Sarah Crocker, a development consultant speaking only for herself, said she supported the ordinance amendments. Noting that most speakers lived in central city neighborhoods, she said half the population lives in suburban neighborhoods with large lots and plenty of room for second dwellings that otherwise can't be built without changing zoning to SF-6 (Townhouse and Condominium Residence) or subdividing the lot. "Neighborhood plans give tools but are only available to those who have neighborhood plans, and others who live in Austin need to be taken into consideration as well," she said.

Bouldin Creek Neighborhood resident Bob Sessa said the change is "taking power from neighborhoods with a blanket ordinance that won't fit all." He said houses with larger lots may have deed restrictions and restrictive covenants to protect them "but inner city neighborhoods don't. I'm concerned about racial and economic diversity and want to help solve those problems but this is not the answer."

Mayor Kirk Watson said, "It's not a panacea for affordable housing but it's one way to get more affordable housing."

Will Bozeman, president of the Austin Neighborhoods Council, said he supported the change if managed through neighborhood plans "but not citywide in a one-size-fits-all approach." He recommended that a task force formulate standards and report back to the council.

Council Member Gus Garcia said, "Many neighborhoods with mid- and low-range income people have asked for this because they need to house parents or others in the family, so this gives flexibility." As to concerns, he said, "If neighborhoods stick together, they can make it work but we need to give flexibility to others who need it."

Council Member Daryl Slusher argued to pass the measure on all three readings, but ask the Planning Commission to come back with protections for neighbors. "I don't believe there will be a mass speculation of buying houses to put garage apartments in the back," he said.

Council Member Beverly Griffith said, "The intended consequences are all 14 karat." But she said the initiative was not sufficiently tailored for neighborhoods.

Council Member Spelman noted that it would be many years before all neighborhoods had neighborhood plans.

Mayor Pro Tem Jackie Goodman said, "What I want are particular ways that neighborhoods with plans can modify this or opt out…I don't want mass destruction of smaller units to have larger ones."

The motion was approved 5-2 with Goodman and Griffith opposed.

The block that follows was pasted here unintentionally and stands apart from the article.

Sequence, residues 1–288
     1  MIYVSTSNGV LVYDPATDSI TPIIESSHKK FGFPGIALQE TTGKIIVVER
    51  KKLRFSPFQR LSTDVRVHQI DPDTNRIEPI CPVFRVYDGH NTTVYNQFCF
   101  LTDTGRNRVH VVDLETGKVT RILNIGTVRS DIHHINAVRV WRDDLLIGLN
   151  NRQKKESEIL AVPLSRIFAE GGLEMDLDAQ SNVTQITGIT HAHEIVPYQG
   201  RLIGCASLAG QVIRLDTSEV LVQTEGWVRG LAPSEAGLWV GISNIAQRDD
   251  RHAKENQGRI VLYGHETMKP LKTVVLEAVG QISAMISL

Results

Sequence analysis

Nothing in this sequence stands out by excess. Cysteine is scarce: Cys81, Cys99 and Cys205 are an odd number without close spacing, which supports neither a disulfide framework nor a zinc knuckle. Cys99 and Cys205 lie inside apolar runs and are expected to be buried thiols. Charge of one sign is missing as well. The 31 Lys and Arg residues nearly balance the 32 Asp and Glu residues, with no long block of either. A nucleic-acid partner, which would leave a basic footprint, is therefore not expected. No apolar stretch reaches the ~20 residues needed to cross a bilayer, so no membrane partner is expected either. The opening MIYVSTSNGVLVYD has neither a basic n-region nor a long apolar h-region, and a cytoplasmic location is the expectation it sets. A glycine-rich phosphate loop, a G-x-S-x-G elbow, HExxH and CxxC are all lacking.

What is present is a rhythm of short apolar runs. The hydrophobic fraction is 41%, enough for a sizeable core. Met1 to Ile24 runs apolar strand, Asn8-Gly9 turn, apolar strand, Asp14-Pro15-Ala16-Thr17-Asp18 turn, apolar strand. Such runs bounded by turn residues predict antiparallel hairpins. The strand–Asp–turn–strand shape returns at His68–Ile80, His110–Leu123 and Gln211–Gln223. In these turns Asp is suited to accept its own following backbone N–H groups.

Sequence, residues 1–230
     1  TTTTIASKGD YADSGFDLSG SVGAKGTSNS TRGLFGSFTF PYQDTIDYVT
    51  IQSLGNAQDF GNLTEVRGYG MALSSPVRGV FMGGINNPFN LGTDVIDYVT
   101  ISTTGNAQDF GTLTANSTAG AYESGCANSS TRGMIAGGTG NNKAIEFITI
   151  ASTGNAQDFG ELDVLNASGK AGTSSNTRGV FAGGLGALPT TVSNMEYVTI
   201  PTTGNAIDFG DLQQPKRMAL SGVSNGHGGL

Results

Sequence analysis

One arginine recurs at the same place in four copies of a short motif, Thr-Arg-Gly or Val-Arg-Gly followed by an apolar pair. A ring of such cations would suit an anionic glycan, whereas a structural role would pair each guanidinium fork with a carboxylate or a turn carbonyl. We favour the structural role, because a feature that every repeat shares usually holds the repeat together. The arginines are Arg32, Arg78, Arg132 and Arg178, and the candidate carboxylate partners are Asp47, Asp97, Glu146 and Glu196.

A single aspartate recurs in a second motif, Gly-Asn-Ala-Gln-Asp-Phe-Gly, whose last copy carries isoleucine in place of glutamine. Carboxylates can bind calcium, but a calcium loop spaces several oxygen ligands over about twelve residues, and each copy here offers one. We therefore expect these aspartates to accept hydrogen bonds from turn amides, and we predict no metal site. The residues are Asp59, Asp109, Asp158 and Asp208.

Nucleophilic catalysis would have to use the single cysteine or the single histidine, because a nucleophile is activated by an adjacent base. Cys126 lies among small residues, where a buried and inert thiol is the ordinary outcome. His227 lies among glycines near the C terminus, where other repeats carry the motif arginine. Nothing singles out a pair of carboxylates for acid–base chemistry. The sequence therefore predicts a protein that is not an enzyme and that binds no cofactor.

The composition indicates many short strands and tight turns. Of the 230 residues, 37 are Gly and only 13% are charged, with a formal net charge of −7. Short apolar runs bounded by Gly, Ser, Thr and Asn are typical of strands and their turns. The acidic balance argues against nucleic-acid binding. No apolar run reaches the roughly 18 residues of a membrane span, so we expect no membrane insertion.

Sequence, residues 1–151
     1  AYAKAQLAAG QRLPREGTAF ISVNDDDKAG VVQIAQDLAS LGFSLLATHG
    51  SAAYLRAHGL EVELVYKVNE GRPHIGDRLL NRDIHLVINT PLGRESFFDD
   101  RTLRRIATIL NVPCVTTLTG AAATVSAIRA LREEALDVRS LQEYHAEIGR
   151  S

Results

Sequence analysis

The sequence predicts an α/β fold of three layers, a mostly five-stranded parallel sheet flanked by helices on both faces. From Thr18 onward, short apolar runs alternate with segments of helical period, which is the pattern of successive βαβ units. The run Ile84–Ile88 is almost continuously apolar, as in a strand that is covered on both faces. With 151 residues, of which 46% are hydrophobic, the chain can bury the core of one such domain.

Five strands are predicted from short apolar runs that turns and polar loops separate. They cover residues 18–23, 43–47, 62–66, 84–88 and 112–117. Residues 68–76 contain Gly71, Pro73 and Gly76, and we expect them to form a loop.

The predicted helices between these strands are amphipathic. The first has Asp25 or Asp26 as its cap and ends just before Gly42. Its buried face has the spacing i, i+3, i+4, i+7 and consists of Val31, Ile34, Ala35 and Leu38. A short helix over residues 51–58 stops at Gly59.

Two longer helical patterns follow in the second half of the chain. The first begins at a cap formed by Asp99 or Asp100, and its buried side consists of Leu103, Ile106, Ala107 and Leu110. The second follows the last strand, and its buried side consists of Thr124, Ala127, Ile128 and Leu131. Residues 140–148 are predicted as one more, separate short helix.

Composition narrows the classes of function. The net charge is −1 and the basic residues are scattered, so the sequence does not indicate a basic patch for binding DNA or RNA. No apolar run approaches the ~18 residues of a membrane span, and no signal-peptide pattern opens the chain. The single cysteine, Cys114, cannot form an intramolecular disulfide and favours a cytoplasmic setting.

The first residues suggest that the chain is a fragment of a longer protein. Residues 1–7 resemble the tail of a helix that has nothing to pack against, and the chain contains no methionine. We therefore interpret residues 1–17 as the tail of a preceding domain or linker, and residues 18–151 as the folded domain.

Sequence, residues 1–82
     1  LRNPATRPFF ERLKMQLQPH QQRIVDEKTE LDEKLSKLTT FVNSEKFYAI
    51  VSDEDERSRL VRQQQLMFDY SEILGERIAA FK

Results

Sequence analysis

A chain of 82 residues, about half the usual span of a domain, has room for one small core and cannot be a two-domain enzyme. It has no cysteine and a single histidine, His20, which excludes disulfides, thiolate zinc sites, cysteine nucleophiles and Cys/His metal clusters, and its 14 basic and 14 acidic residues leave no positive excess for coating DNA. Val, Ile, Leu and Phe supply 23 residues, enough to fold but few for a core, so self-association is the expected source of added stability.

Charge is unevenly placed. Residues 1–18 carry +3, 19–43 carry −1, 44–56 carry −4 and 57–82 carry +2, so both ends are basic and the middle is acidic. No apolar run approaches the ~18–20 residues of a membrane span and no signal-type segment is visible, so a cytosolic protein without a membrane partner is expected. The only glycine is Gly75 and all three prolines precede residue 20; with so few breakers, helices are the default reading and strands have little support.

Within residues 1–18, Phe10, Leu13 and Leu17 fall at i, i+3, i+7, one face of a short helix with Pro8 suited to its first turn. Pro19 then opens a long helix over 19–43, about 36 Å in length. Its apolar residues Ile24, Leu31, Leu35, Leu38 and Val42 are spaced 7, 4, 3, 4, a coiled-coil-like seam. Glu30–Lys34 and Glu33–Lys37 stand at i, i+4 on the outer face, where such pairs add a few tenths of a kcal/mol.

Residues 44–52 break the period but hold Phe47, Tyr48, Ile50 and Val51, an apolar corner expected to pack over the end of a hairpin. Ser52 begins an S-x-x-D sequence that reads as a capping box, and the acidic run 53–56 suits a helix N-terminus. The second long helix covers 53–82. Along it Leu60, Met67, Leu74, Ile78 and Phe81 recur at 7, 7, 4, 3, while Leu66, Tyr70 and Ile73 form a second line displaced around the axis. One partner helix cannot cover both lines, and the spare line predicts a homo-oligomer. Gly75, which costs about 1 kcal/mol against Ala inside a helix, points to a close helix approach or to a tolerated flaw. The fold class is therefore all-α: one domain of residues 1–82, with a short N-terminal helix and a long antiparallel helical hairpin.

Council votes itself a pay raise of 50 percent starting July 2

Motion approved unanimously on consent with no discussion

The Austin City Council voted unanimously, on consent, and with no discussion Thursday to award the next council a pay raise of about 50 percent. The amount is based on the compounded increase in the Consumer Price Index since the council pay was set in the mid-1980s. Following the vote, Mayor Kirk Watson said he voted for the raise but would not personally be accepting the increased amount. "I understand the difficulty of service–the workload, the time spent–and how difficult it makes it. I understand those arguments and I want to make it so more people are able to serve in the future," Watson said. Watson said the ordinance would raise the mayor's salary from $35,000 to about $49,000. Council members' salaries would increase from $30,000 per year to $45,000.

Several council members said they had received very limited public comment since the proposal was announced a few weeks ago. Only Gus Pena spoke in opposition to the proposal, and that was hours after council had approved the new pay scale. Pena, a regular on citizens' communications, attacked the pay raise because he said the booming economy is not helping everyone.

City Manager Jesus Garza told Pena that city employees have gotten raises every year for several years in a row and he anticipates that they will receive another raise during the next budget process.

Council Member Bill Spelman, who co-sponsored the pay raise with Council Member Gus Garcia, said his office received only three phone calls about why the raise was needed. Spelman said he took the calls himself and found the callers were not opposed after the conversation. He said when governing bodies set up independent commissions to determine salaries, those commissions frequently hand out higher pay than members of the governing bodies would. Both Spelman and Garcia will leave the council June 15. Spelman, an associate professor at the University of Texas, has never drawn a council salary due to a prohibition in the Texas Constitution for state employees. The pay raise will go into effect July 2.

Council Member Beverly Griffith told In Fact Daily, "The intent of the council when they put in pay years ago was that people of moderate means be able to serve on the council without serious sacrifice on their family's part. That amount has changed as the cost of living has changed." She said the raise was completely consistent with the original council's intention. "Judging from the absence of any expressed concerns, what we've done is consistent with the community value of paying" the council. "It's also a recognition of the responsibility of handling a $1.6 billion budget. People want us to pay full-time attention to the city's business," Griffith said.